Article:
7. (15:42) What if Google quantum supremacy destroys blockchain completely? Have you thought about that?
Nuke: Love this question. Let me explain the question first. Quantum computers is a big arms race, like there was an arms race about the atomic weapons in the 30s and 40s, there is a big war going on to quantum computers. Why is the quantum computer important? Because it can answer almost any question that regular computers can’t. It’s pretty amazing technology, it’s very hard to grasp what it is. Quantum supremacy means that the first people or first group that achieves a quantum computer that can answer a question that no computer on earth or even all computers combined on earth can answer. Recently, Google announced that they did that. They answered the question that would take regular computers 20,000 years I think, and IBM challenged them saying it’s not 20,000 years, it’s 10,000 years. But why is it important for blockchain? Blockchain is based on hashing and crypto cryptography, and the war is that the machine can break any code in a few minutes. So here’s my answer. That was the grandness of the question. Right? So my answer is this. First of all, there are a few technologies and cryptographic technologies to basically be quantum-safe, I can’t remember the phrase. You can say evolution as Bitcoin now is not a Bitcoin that Satoshi invented. It’s evolved much as doing 20, 30, 60 projects around Bitcoin. So I suspect, first of all, blockchain will evolve to be a quantum-safe Secondly, quantum itself is probably, according to experts about 10 years away from being able to break the blockchain cryptography so we have about 10 years to improve. Who knows?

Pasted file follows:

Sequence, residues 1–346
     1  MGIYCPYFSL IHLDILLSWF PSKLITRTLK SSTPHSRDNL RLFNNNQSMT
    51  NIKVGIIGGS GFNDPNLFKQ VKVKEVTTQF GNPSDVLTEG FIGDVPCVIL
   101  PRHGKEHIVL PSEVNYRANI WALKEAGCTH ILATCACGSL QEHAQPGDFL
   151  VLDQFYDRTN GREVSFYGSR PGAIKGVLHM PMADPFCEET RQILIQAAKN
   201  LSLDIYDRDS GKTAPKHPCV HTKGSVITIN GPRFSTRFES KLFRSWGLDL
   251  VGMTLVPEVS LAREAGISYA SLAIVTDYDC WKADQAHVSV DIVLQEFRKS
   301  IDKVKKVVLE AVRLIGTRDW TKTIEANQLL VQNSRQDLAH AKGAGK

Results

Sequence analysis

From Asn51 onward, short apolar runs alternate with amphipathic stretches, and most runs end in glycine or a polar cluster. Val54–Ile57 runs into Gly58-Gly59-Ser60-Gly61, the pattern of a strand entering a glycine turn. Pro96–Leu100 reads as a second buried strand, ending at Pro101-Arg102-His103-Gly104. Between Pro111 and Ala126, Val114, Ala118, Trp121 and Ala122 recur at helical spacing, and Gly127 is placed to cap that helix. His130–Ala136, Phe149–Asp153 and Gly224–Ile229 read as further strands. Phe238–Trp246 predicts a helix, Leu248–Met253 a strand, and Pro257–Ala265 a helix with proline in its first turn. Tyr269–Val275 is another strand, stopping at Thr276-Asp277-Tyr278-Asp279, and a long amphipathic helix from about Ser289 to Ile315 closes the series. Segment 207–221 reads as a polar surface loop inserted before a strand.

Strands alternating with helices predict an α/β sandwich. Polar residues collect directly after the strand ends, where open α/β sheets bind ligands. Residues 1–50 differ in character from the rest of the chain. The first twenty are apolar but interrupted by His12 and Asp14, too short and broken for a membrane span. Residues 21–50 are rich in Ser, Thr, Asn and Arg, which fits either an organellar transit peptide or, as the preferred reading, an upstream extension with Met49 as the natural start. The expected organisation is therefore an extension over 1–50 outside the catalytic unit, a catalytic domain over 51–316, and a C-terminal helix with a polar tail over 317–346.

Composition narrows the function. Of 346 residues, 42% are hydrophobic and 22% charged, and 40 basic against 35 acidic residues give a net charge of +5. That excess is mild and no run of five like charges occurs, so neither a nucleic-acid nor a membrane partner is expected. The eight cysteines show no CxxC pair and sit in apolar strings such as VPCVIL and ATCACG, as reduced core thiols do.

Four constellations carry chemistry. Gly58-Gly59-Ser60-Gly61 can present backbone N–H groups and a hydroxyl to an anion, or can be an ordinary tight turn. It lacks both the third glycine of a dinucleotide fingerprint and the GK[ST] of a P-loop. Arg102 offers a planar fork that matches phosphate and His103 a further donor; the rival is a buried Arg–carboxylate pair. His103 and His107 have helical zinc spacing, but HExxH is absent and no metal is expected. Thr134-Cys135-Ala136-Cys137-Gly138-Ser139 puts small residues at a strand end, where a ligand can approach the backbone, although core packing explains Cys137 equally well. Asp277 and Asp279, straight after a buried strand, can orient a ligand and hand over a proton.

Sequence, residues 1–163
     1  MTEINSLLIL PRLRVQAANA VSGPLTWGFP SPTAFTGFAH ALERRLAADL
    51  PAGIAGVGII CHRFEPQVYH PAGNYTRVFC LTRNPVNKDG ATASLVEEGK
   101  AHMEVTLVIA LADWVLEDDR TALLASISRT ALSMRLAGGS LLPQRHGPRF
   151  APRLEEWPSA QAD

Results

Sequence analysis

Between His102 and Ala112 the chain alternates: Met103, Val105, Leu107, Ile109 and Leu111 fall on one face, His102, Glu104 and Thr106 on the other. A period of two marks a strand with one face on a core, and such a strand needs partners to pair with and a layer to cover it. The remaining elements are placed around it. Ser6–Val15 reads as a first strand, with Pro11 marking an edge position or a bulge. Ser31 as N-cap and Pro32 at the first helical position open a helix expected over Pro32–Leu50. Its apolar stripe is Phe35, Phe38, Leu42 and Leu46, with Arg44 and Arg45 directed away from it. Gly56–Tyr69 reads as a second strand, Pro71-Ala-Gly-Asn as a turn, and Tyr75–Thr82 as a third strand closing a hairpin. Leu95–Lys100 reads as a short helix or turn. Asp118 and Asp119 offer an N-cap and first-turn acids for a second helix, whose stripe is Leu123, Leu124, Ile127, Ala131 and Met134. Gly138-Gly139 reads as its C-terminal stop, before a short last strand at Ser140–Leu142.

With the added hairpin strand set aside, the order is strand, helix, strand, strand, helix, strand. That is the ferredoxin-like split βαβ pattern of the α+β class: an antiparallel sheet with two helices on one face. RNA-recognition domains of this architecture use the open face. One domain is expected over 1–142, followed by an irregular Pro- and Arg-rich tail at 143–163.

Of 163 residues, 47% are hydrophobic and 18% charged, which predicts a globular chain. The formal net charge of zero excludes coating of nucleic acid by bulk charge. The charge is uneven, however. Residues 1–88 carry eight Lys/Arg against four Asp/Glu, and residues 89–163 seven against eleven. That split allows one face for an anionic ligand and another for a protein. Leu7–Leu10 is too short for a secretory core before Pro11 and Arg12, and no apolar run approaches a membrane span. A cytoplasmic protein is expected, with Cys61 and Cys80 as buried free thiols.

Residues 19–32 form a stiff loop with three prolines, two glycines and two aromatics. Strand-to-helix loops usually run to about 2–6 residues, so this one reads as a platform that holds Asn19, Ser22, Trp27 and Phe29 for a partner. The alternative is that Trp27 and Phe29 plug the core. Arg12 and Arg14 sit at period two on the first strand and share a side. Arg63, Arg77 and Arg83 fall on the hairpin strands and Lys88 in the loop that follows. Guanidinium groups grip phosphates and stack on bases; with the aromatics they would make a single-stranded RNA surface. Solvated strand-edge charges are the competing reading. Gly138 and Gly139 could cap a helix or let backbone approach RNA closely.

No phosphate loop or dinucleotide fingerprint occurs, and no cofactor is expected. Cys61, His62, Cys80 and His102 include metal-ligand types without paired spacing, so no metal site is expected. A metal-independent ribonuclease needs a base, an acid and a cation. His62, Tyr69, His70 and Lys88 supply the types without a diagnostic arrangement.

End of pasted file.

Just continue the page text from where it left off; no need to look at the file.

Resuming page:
8. (18:23) What feature are you most excited about adding?
Nuke: One of the features we’re working on is the ability to purchase coins directly into the app. And this becomes like a box with tools. So initially, what we’ll do is we’ll enable in one exchange, probably Coinbase to move coins from your Coinbase account into your Celsius wallet and backwards. And also enable buying coins. And hopefully, if I think we’ve got cleared by compliance team to do coin exchange, swap coins, and we do it off Celsius. So we don’t want to get in trouble. But there are tools to do it off Celsius, but it would be enabled from the app. I’m excited about this because this is the start. It’s a great feature, but it’s also a big box of tools that are going to enhance and enable more and more capabilities.
9. (19:44) How experienced are the developers working on Celsius?
Nuke: When I started the Celsius with Alex and Daniel, the first thing we had to do is to find the developers This was obviously unlike my previous companies not something I could write the code alone and just flow with it. This was something that required a lot of expertise and bigger team and I found them Militia and was one of the best well-known blockchain guys. Ron was the director of engineering 20, 30 years of experience with databases and game theory. A lot of cool stuff during the ICO with guys like Mizar which I discovered are ninjas as we brought them as consultants, and I said to the guys, hey, you have to bring these guys to work for us. We can’t waste such a talent. So all the guys are ninjas. I personally also love the young guys. I think always bringing fresh faces and fresh approaches to the team is amazing. Some of my best hires are young guys up to the university or having one or two years of experience. We have a combination, lots of experience. There’s a lot of adults in the room.